Grooveshark, a 5-year-old music streaming service, has been removed once again from Google Play, but this time it's fighting back.
Grooveshark was banned from Google Play about a year ago. When the app suddenly reappeared in the store last week, Grooveshark issued a statement saying it had worked with Google to remove rogue Grooveshark-esque apps and was delighted with the reinstatement of the official Grooveshark app.
Not so fast — a Google spokesperson told the New York Times "the company had not worked with Grooveshark to reinstate the app," and added that the program had been removed for a violation of Google’s policies for developers.
Copyright infringement was the most likely violation, and Grooveshark indirectly confirmed the allegation in an official statement sent to TechNewsDaily: "Grooveshark as an app is not a copyright infringement, and Google should recognize through their experience with YouTube that our actual partner artists and labels are suffering every day our app is down."
The company said it has filed a counter-notice and is working with Google and its Google Play reinstatement process to get the app back on the market. (Meanwhile, Grooveshark for Android is available on the company website. Grooveshark is not available in Apple's App Store and must be played through a browser unless you're using a jailbroken iPhone .)
Grooveshark has been the target of multiple record industry lawsuits claiming copyright infringement, with the plaintiffs including Sony, EMI, Warner and Universal. Most of the trouble comes from the fact that Grooveshark allows users to upload their own music, which then becomes part of the site's music library, accessible to its users. According to Grooveshark's Terms of Service, users are responsible for ensuring they have the right to make uploaded sound files available.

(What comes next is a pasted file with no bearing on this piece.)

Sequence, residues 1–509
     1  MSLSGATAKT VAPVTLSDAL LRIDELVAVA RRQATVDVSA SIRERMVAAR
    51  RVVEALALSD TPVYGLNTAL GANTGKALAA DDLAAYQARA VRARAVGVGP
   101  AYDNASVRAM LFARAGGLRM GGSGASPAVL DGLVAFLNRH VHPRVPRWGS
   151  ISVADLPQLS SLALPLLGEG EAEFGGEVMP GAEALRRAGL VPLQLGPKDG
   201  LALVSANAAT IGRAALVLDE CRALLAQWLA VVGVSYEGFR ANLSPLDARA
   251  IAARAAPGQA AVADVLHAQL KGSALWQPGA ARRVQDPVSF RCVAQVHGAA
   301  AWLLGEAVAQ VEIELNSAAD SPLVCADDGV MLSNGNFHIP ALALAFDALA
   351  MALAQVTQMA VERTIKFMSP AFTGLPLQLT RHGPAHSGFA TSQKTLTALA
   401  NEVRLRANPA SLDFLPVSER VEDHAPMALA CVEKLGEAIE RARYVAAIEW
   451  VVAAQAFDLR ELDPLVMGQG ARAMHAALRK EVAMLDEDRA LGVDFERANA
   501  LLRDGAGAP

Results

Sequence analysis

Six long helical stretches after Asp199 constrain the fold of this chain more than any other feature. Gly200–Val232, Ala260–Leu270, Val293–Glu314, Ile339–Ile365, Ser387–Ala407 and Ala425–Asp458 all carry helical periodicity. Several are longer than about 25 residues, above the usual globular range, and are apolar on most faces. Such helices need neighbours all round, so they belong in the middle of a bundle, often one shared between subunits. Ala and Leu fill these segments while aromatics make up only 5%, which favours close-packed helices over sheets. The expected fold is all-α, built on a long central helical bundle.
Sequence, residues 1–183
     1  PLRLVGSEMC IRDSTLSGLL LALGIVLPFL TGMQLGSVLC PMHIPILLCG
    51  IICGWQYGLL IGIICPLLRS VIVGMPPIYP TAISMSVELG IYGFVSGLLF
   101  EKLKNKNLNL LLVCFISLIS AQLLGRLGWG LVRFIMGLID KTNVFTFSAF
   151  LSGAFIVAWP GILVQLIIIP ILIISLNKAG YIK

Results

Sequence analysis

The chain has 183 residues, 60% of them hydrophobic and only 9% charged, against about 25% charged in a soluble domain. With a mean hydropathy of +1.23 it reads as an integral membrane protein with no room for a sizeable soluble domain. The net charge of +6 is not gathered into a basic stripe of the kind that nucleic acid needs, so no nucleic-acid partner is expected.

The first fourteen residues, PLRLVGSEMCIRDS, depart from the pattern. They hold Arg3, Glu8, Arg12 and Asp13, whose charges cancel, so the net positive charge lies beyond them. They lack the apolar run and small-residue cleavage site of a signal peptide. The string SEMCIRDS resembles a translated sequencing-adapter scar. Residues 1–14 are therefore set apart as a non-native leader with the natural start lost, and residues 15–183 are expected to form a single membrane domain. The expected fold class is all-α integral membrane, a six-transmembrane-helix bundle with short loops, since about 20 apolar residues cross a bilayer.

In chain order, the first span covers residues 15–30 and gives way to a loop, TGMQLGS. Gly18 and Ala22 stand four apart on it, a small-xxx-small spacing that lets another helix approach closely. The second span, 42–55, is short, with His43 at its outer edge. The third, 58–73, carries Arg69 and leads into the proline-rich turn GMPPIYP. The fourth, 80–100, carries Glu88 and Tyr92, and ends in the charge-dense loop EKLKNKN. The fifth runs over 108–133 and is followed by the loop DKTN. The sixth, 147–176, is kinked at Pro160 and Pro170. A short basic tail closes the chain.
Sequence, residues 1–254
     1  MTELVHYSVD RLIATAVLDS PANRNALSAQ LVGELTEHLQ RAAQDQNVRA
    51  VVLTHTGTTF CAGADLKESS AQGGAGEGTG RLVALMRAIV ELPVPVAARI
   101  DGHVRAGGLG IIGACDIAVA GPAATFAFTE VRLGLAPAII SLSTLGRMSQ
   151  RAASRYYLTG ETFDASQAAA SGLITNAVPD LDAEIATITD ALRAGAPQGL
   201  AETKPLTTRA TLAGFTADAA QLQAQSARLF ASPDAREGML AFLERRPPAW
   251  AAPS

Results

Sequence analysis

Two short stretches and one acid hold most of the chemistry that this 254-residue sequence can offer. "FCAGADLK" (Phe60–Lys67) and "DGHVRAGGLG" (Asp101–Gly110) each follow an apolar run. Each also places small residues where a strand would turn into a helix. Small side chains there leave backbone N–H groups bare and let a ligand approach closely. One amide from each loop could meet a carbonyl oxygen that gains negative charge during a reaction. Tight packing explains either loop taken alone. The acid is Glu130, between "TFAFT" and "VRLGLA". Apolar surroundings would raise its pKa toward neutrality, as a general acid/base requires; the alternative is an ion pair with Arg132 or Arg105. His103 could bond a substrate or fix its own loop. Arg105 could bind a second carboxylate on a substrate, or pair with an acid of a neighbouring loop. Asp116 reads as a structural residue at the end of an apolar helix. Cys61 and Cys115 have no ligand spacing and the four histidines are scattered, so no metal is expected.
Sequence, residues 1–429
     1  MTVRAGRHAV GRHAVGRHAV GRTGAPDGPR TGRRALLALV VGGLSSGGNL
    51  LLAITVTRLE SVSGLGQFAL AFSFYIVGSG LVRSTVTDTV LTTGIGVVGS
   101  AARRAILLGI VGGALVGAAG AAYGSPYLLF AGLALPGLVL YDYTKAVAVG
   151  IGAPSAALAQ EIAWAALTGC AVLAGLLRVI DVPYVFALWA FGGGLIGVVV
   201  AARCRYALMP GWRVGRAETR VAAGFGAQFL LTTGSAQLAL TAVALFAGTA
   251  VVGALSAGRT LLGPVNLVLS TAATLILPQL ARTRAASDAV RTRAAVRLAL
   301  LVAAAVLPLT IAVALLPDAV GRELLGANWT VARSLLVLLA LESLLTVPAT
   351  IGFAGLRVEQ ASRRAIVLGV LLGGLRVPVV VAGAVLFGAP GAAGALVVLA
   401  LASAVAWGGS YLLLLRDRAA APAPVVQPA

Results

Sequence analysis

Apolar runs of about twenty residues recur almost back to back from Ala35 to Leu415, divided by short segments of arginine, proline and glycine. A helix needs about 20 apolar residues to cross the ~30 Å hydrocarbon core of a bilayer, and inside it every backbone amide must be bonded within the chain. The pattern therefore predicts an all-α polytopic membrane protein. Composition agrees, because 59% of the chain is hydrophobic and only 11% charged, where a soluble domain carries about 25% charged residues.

In addition to songs provided by users, Grooveshark populates its library with tracks from record labels and independent artists. Grooveshark says it honors all takedown requests that comply with the requirements of the Digital Millennium Copyright Act, a 1996 law that aims to protect artists and their representatives from others who would distribute their work without permission. A takedown form is provided on the site to file a complaint.
Copyright disputes aside, Grooveshark is incredibly easy to use and offers features that its competitors lack. For instance, Pandora and Last.fm let you pick an artist or song and then stream music based on your selection. You'll have a limited number of skips and you can't see what's coming up. With Grooveshark, you can choose a station that plays a specific genre like classical or electronica, and then add individual tracks to your own playlists. You can also build a playlist and have Grooveshark choose music based on the entire playlist rather than a single song or artist. And you may skip as many times you'd like. If you upgrade to a paid account without ads, you can loop songs, fade between songs and listen offline.
Grooveshark's playlists are similar to Spotify's, but it takes a different approach to sharing music. If you stream music on Spotify, each song will automatically get posted to Facebook unless you turn on a private session. Sharing on Grooveshark requires you to click the "share" button, and once you do you can share to less-traditional outlets such as Reddit in addition to Facebook and Twitter.